ATMs certainly seem simple: Insert card, grab cash. And Bitcoin ATMs should follow the same logic. But like plenty of tech that makes life easier, ATMs are a surprisingly complex web of devices bunched up in one box. Dig deeper, and you’ll find a CPU, chip card reader, PIN pad, secure cryptoprocessor, display, function key ...

Coinsource and Expanding the Bitcoin ATM Network

ATMs certainly seem simple: Insert card, grab cash. And Bitcoin ATMs should follow the same logic.

But like plenty of tech that makes life easier, ATMs are a surprisingly complex web of devices bunched up in one box. Dig deeper, and you’ll find a CPU, chip card reader, PIN pad, secure cryptoprocessor, display, function key buttons/touchscreen, dispensing and deposit mechanisms, record printer, a vault for the cash, locks on the housing and a bevy of sensors.

That’s just the half of it. ATMs run on specialized software, connect to networks and maintain security on a number of levels including transactional secrecy, personal identity, device operation integrity and customer safety. They must operate free from fraud and, oh yeah, an armored truck service — complete with armed guards — has to physically retrieve and replenish the cash.

As if this proposition weren’t getting complicated enough, more and more bitcoin ATMs are coming online and adding cryptocurrency into the mix. The latest numbers from CoinATMRadar show positive growth for the number of bitcoin ATMs available worldwide, closing out May 2019 with a total of 4,898.

Among the biggest movers for that month was bitcoin ATM network Coinsource, which, according to CoinATMRadar, added 14 machines for a total of 224, joining General Bytes, Genesis Coin, BitAccess and LightningXchange in May’s top five in net growth. Coinsource was also granted a highly coveted BitLicense by the New York State Department of Financial Services (NYSDFS) last November, the first one awarded to a bitcoin ATM operator.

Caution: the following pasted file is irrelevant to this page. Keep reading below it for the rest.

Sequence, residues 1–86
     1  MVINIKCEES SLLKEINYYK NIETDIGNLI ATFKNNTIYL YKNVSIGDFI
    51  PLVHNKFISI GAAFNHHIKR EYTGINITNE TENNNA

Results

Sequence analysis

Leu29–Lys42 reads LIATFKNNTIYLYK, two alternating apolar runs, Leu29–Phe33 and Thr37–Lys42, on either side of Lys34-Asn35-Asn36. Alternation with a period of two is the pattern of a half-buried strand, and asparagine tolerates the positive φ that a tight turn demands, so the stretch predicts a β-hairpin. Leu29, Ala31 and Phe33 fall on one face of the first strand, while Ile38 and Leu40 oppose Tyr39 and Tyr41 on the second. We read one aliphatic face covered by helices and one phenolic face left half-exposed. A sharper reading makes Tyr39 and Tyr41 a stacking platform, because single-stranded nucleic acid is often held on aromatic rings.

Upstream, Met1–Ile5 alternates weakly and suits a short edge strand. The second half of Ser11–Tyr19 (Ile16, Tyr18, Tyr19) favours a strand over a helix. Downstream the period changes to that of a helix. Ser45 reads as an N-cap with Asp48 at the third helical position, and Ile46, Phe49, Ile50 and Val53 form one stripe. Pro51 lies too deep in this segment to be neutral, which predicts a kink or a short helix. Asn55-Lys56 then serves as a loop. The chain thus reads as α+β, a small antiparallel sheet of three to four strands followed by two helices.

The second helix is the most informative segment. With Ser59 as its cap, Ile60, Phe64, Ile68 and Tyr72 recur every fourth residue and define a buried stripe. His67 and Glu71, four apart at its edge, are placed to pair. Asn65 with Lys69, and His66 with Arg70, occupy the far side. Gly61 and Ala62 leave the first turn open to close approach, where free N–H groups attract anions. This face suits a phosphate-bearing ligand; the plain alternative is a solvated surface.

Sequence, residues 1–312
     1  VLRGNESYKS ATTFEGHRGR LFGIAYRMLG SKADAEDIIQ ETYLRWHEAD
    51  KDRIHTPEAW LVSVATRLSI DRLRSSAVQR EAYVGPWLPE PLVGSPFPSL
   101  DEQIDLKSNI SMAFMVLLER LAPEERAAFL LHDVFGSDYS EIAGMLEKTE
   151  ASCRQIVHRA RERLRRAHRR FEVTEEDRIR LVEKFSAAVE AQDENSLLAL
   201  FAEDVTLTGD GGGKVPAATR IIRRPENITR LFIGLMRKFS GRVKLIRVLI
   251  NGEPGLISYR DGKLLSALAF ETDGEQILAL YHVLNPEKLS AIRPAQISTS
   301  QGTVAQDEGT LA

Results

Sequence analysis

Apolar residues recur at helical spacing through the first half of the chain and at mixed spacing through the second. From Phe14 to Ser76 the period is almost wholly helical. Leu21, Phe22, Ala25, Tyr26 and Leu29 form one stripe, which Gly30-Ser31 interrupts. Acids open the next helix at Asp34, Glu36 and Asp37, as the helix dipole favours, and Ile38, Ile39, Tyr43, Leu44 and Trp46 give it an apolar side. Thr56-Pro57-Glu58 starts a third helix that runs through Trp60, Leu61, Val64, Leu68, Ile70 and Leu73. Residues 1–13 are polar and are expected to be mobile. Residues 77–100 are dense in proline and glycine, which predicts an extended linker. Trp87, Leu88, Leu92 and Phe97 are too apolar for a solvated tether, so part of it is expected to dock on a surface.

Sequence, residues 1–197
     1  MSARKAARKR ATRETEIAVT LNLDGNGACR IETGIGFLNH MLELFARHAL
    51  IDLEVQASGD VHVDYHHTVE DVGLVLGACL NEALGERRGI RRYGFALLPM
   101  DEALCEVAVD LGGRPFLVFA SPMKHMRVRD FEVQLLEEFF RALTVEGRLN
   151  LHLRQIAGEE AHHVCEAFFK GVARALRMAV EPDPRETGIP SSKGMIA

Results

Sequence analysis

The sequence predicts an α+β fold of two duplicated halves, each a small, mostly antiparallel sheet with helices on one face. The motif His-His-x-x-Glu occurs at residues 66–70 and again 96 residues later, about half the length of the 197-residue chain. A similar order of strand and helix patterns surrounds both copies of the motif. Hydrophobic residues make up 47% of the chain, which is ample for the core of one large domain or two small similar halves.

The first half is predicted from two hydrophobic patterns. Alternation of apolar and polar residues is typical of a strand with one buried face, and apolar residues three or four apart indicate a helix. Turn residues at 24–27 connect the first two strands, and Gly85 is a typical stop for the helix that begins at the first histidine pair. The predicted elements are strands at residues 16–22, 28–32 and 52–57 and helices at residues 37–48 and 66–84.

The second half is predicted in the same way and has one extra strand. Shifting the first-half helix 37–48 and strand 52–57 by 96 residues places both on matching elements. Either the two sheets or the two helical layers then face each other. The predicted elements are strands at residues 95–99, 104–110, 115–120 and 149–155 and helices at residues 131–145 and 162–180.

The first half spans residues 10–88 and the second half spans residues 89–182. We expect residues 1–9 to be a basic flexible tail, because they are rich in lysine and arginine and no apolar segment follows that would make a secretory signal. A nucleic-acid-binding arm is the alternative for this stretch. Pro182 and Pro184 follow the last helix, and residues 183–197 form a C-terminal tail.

Expansion Beyond the Empire State

Brandishing that virtual currency license, Coinsource can now conduct business with customers and companies based in New York State. New York-based businesses can also use Coinsource’s ATM kiosks to buy and sell bitcoin instantly. (Prior to receiving its BitLicense, Coinsource had operated under a special NYSDFS provisional license in New York.)

“The award of the BitLicense confirms that the Coinsource proprietary software and technology enables our services to meet and exceed all U.S. state and federal banking regulations and requirements,” Sheffield Clark, CEO of Coinsource, said of what turned out to be a three-year process.

It’s a distinction that matters to Coinsource, which is now focused on getting fully licensed in all 50 states, even though many of those states may not have particularly stringent requirements for crypto-based businesses to operate.

“Becoming licensed in all 50 states will allow us to offer additional services and benefits to our customers that fall outside the realm of virtual currency and within the lines of traditional money services,” explained Clark. “These could include, for example, bill-pay services or small loans. At Coinsource, we really take pride in how agnostic and multifaceted our services and capabilities are. We plan on always using the newest available technologies to deliver a broad range of kiosk-based financial services to the traditionally underserved unbanked and underbanked populations.”

Selecting Your Spots

In Clark’s view, the key attributes that drive a bitcoin ATM network’s growth are reputation, user experience, reliability and customer support. Striving to maximize these qualities in their own network, as well as choosing each location carefully, are keys to Coinsource’s ongoing expansion.    

An increasing number of Coinsource ATMs are of the two-way variety, meaning users can sell bitcoin in addition to buying it. Coinsource’s two-way kiosks are presently transacting in Nevada, New York, Pennsylvania, New Hampshire, California, Tennessee, Texas, Florida and Washington, D.C., and Coinsource has plans to convert its entire network to this functionality.